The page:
Author’s note: I was reading through our blog archive very early one morning recently, and I came across this post. I wrote this in the fall of 2020 during the depths of the health crisis, and with a controversial election looming. It was timely, for me, and based on the reaction from our audience, for others as well. So I share it again with you today. Even though it was first posted only a few months ago, I think it merits another day at the top of the list. If you missed it the first time, I am confident you will find this helpful. And if you read it the first time, read it again, as part of your effort to control that voice of doubt.
That little voice inside your head, the one that tells you aren’t good enough… do you know that voice? Do you ever hear that voice telling you to question your own value or qualifications? Do you ever hear that voice whispering sour questions to you? I hear that voice, and I am sure most of you do also. It is the voice that whispers (or in my case, screams) doubt, and pushes you to question yourself. And in the coaching that I do, helping people control that voice is among the most important and frequent roles that I play.
Projecting confidence and conviction when you speak is a critical element of persuasion. If you want me to believe in the project, your team, your product/service, or whatever it is you are talking about then you need to show me that you believe it. If you can’t show me that you believe in it, then why should I? And demonstrating confidence is a lot easier if you actually believe it.
So, anything that might get in the way of your projection of confidence is something that we need to eradicate, like an ugly weed in your garden. But that voice in our head is the weed that keeps coming back, over and over and over. So how do we get rid of that voice?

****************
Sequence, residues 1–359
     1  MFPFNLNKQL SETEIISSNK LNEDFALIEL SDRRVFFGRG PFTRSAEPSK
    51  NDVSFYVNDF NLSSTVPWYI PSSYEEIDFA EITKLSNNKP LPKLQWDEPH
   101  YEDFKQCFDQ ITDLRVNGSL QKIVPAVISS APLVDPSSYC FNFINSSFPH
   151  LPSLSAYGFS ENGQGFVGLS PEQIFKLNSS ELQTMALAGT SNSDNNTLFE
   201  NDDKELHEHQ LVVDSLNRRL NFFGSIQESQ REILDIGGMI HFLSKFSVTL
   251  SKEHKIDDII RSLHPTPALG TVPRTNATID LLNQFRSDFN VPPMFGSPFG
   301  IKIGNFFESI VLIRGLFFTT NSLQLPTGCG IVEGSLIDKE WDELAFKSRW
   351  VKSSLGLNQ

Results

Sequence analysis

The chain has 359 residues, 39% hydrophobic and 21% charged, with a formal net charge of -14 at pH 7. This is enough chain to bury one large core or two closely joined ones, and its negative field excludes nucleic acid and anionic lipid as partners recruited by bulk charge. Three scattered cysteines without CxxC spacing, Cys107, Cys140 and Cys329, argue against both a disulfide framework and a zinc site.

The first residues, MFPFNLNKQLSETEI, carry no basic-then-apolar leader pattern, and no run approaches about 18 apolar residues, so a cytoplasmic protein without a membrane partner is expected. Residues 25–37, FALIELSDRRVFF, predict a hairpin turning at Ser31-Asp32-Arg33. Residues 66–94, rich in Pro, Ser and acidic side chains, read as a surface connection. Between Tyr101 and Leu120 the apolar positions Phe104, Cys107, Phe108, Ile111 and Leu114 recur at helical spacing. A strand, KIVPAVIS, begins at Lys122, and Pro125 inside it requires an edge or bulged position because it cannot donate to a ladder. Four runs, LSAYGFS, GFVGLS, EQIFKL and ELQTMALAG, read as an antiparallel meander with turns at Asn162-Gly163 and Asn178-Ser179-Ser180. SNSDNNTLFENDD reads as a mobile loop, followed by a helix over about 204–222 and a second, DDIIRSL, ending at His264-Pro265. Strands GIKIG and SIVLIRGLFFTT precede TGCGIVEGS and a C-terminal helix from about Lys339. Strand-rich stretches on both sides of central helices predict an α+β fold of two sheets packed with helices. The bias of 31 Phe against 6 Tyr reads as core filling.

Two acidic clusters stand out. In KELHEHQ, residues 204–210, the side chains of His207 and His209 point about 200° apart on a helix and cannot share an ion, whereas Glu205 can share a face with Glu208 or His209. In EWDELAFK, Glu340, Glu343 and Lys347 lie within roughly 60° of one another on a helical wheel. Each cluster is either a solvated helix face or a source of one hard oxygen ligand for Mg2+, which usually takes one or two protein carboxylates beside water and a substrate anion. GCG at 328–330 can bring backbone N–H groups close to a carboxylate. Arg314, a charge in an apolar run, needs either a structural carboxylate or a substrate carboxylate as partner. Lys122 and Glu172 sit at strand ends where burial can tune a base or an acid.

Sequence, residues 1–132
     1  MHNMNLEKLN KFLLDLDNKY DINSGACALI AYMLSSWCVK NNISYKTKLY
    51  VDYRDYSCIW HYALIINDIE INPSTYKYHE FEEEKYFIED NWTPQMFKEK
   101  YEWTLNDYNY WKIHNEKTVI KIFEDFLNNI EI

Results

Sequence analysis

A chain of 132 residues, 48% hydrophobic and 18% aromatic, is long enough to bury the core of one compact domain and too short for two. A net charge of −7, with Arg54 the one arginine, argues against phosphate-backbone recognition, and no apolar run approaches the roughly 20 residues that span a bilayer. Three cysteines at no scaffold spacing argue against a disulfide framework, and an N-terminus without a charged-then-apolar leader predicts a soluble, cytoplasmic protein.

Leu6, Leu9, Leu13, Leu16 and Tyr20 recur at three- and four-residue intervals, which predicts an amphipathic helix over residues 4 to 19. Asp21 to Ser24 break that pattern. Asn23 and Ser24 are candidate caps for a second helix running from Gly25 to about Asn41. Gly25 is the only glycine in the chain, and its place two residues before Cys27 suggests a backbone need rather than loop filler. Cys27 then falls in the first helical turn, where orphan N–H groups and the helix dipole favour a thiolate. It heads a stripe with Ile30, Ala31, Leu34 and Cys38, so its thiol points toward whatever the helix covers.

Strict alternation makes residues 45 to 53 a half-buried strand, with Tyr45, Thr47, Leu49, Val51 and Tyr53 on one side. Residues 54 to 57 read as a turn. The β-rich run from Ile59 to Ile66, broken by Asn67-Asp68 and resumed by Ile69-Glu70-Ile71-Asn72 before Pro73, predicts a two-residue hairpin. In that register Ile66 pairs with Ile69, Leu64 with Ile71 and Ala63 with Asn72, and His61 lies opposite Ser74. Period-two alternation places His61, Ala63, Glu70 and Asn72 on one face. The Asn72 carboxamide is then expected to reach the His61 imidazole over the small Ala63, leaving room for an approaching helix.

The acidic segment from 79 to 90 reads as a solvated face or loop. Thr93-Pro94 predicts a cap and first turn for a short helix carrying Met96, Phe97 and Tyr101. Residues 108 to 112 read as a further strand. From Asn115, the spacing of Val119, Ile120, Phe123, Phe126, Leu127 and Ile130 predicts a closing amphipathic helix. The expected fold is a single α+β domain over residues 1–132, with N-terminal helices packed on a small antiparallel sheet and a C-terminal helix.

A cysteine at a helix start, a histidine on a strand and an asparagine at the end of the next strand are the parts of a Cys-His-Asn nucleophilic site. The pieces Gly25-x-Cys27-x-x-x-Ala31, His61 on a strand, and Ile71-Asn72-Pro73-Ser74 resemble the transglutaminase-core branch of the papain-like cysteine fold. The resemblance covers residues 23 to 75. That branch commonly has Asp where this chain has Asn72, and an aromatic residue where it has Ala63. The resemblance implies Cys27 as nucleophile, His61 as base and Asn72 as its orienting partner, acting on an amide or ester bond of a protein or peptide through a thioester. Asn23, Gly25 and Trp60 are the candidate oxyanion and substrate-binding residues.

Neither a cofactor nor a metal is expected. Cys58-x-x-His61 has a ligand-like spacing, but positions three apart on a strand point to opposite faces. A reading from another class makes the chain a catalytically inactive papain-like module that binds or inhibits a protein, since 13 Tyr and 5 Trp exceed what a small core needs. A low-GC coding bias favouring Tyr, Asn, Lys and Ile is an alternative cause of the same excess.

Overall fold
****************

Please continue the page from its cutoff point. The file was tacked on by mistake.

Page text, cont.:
I get asked that question all the time. And I am not sure there is a surefire way to make that voice of doubt disappear. I am 51 years old, and I have been battling that voice for most of my life. Making it go away is probably not happening at this point. But what I have gotten really good at is controlling it. Eradicating it is no longer my goal. Controlling it is. And that is the advice I give to everyone who complains about their own voice of doubt.
The easiest way to control that voice is to make sure there are other voices to listen to… voices that remind you that you are qualified and that you should be confident in yourself or whatever you are speaking about. If you have a constant voice of doubt inside your own head and you have no other voices to listen to, then the doubt will be really loud. But if the voice of doubt is just one of several voices that you can listen to, you now have a choice. And we are on our way.
I always advocate, for my clients and myself, for having other people in your life who can remind you of the reasons why you should be confident. And the more often you hear from those voices of confidence, the less likely you will be to listen to that voice of doubt.
Is it simple? No way… that voice of doubt is insidious. And controlling it is a constant battle. It takes regular reinforcement. So make sure you have voices in your life, perhaps a family member, a close friend, a trusted colleague, who can be those voices of positive reinforcement. And over time, those external voices can also help you develop another inner voice, one of confidence that can battle that voice of doubt for airtime.
You’ve got this. I believe in you. You should too.
Good luck, have a great day, and stay safe.
At The Latimer Group, we believe that great communication skills can change the world. We transform people and organizations with simple, repeatable techniques and mindsets. We teach persuasive communication skills through an integrated platform of corporate training, coaching, and eLearning. To learn more about how we can transform your organization, e-mail us at info@TheLatimerGroup.com
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